Andrew McClintock: Tribunal
Dr Byrd, clinical professor at the University of Utah School of Medicine and vice president of the controversial National Association for Research and Therapy of Homosexuality, said in a written statement "the placement of children in such settings begins a slippery slope filled with potential harm for children that society simply cannot afford to take".
Mr McClintock, a grandfather-of-four, quit because he said his Christian Orthodox view is that a child "needs a mother and a father".
The 63-year-old, who served on the Family Panel for 15 years, has taken the Department of Constitutional Affairs to the tribunal after court authorities refused to allow him to stand down from cases which could result in a child being placed with a gay couple.
In support of his case, Dr Byrd said in evidence: "The most reputable scientists would agree the research on children raised by same-sex couples is in its infancy.
"However, in spite of the many flaws in the very limited pool of rigorous studies, such as small sample size, selection bias, and lack of longitudinal data, there appears to be an emerging theme: children raised by same-sex couples exhibit poor outcomes not so dissimilar to those raised by divorced heterosexual parents."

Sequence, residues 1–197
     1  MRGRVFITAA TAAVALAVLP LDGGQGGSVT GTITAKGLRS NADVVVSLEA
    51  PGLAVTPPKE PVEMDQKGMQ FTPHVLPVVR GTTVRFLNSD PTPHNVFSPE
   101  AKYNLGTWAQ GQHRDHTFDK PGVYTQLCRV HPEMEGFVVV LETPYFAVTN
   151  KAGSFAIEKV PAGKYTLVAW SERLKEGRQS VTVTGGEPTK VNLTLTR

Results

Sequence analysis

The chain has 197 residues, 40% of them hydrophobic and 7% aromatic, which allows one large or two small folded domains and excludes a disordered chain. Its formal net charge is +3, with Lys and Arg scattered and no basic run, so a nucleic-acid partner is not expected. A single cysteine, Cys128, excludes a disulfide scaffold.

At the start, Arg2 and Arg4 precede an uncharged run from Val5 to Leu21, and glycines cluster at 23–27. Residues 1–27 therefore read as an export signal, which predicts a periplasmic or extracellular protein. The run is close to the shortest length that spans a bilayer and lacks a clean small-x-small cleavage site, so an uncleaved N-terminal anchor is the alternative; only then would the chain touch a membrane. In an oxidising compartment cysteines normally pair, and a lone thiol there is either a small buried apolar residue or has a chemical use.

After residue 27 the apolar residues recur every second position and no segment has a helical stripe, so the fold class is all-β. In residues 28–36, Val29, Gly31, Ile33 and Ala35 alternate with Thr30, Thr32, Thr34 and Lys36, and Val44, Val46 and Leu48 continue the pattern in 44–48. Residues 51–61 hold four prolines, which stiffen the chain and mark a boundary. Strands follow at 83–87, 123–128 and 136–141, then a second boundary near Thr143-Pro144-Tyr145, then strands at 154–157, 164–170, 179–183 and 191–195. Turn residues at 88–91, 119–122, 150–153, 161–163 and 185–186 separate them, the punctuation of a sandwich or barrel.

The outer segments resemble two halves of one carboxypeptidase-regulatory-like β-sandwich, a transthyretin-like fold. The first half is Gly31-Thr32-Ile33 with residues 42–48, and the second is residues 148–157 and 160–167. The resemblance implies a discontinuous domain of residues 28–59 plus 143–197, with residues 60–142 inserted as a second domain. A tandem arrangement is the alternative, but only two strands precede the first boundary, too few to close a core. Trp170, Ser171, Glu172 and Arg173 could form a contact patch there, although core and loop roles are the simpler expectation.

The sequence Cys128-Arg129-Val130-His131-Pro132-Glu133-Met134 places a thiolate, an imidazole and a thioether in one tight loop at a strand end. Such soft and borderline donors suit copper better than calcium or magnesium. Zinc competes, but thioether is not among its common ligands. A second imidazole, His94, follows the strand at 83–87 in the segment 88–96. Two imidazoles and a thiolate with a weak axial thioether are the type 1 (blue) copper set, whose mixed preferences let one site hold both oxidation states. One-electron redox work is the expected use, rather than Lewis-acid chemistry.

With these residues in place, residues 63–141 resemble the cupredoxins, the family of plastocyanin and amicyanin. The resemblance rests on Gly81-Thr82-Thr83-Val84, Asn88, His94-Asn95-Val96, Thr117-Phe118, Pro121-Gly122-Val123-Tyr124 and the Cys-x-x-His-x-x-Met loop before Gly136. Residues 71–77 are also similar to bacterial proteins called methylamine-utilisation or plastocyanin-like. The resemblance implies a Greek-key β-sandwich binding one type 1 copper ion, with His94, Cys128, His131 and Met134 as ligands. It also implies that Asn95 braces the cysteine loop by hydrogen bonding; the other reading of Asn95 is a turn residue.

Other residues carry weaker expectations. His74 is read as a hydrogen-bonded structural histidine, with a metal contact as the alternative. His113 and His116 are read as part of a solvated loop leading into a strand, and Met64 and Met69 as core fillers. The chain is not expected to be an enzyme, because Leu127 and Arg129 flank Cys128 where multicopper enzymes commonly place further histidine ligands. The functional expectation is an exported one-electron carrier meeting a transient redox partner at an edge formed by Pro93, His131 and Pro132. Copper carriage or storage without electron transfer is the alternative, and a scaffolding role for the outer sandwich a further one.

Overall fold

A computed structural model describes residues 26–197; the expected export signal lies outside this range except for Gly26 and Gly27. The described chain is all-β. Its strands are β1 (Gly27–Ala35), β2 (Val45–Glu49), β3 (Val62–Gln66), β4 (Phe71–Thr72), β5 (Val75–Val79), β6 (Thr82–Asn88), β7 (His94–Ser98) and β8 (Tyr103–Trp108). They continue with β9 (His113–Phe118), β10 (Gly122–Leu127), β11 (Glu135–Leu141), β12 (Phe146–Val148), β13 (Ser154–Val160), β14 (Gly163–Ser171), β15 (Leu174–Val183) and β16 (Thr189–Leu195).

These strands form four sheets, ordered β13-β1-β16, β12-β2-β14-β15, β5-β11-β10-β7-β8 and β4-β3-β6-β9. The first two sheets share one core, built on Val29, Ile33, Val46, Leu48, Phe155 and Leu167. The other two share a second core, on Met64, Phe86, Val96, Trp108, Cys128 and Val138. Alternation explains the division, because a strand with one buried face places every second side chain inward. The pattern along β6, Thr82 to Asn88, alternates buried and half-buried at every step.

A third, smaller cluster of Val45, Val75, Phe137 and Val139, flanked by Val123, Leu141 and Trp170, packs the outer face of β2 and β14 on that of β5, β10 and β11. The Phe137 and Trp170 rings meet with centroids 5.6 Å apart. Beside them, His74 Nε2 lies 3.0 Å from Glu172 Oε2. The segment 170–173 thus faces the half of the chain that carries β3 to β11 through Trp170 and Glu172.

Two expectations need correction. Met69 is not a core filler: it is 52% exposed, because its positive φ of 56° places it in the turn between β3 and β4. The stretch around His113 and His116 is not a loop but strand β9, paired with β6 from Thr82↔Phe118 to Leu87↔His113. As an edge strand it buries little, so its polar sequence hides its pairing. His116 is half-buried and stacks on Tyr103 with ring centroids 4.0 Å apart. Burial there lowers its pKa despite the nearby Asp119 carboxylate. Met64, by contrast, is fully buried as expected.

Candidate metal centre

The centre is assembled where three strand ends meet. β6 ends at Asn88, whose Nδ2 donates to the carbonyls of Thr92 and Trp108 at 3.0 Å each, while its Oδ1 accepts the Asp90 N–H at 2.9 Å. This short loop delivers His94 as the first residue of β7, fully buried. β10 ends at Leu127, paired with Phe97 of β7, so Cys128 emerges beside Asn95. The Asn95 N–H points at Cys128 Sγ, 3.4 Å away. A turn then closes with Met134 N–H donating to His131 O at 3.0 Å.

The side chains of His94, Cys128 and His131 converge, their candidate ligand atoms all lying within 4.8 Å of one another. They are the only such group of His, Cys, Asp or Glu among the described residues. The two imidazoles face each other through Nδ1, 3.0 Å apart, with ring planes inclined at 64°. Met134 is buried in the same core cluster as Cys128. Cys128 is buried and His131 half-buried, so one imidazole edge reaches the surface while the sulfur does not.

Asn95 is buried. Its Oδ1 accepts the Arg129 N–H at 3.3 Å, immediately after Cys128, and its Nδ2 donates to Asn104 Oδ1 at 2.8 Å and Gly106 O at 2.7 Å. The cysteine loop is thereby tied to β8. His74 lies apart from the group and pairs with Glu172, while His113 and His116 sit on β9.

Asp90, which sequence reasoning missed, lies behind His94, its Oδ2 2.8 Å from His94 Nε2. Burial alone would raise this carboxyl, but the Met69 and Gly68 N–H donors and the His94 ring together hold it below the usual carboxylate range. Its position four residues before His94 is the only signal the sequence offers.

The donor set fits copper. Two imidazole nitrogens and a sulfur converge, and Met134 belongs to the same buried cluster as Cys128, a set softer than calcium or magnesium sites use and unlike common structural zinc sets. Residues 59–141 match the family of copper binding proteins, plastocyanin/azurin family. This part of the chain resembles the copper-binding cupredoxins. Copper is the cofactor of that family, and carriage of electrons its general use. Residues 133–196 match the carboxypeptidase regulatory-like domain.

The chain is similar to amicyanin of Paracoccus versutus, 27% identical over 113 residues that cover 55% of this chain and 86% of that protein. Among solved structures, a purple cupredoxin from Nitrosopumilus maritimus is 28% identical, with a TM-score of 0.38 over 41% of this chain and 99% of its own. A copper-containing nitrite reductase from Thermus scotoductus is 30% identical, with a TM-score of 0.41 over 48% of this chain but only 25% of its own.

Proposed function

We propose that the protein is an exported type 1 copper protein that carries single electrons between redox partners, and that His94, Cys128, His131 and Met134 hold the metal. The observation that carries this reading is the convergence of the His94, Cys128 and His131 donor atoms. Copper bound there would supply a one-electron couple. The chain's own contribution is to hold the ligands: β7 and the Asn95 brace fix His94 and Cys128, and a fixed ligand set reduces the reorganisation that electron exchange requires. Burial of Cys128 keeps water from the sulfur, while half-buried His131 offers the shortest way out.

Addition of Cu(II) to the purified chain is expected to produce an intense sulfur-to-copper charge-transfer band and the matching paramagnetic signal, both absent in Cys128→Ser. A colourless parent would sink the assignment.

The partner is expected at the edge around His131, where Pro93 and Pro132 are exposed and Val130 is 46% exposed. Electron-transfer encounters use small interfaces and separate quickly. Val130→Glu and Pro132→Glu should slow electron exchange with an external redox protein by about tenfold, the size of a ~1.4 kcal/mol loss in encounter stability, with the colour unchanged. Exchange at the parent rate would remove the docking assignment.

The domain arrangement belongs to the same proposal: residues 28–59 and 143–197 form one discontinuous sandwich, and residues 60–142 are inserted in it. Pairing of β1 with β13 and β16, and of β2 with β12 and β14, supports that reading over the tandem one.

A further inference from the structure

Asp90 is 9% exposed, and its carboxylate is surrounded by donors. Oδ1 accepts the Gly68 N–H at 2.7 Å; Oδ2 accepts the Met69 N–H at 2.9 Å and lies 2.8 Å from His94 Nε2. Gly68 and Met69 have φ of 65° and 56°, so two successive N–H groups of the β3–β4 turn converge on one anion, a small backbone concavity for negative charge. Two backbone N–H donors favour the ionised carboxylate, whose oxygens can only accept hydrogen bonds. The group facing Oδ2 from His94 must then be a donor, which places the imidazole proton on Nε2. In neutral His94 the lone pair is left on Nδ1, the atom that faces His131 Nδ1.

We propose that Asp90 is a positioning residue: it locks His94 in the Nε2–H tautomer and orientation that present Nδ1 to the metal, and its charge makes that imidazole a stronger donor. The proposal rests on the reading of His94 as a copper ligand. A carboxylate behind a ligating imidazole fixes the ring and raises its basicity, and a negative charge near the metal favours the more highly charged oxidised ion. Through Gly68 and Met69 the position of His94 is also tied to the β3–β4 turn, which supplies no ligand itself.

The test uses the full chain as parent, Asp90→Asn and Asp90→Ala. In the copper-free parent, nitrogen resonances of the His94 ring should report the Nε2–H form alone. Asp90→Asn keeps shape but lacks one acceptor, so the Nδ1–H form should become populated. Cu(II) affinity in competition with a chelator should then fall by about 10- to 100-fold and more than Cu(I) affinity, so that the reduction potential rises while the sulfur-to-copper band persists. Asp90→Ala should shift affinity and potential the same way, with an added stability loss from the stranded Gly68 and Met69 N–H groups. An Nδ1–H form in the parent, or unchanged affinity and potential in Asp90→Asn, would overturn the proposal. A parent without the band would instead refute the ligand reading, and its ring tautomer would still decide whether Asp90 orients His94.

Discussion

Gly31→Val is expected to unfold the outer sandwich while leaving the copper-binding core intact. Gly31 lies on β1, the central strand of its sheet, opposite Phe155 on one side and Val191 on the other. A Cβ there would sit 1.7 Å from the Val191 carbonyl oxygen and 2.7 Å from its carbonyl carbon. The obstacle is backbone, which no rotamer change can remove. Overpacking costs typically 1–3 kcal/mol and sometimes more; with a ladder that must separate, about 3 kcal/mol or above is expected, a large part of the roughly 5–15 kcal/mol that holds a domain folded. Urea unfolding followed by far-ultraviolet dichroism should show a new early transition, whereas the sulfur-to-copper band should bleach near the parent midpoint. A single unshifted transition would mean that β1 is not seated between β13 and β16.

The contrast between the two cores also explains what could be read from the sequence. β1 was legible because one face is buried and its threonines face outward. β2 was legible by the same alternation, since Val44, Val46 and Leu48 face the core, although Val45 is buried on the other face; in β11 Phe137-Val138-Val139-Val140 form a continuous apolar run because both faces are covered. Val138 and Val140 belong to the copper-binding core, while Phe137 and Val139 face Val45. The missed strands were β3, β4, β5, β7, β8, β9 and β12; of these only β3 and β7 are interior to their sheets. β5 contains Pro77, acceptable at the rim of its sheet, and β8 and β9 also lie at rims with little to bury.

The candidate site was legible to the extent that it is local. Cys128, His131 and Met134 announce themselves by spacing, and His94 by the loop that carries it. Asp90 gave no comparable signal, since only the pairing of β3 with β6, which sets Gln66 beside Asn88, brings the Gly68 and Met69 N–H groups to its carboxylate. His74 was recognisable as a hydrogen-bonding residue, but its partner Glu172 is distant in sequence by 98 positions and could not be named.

Mr McClintock had a series of meetings with court authorities before resigning. He aired his concerns in 2004 - shortly before the Civil Partnership Act enabling gay couples to marry was passed by Parliament. He told the hearing: "There was no pressure at that time on me, but I could see there was likely to be growing pressure as the thing moved forward."
Mr McClintock, from Nether Edge, told the panel only in "special cases" would he agree to placing a child with a same sex couple.
He had hoped court authorities would accommodate him by putting in a filter so he could be excused from dealing with such cases.
Under cross examination Mr McClintock agreed he would have found it an acceptable solution if the court authorities had offered him the option to stand down from family court duties while maintaining his criminal bench work - rather than resign.
But instead he claims he was backed into a corner and felt he had to resign.
When asked about the implications of his resignation Mr McClintock told the hearing: "It was a loss to my self esteem and not a financial loss. I lost an office which I once held - not a huge detriment."
The hearing continues.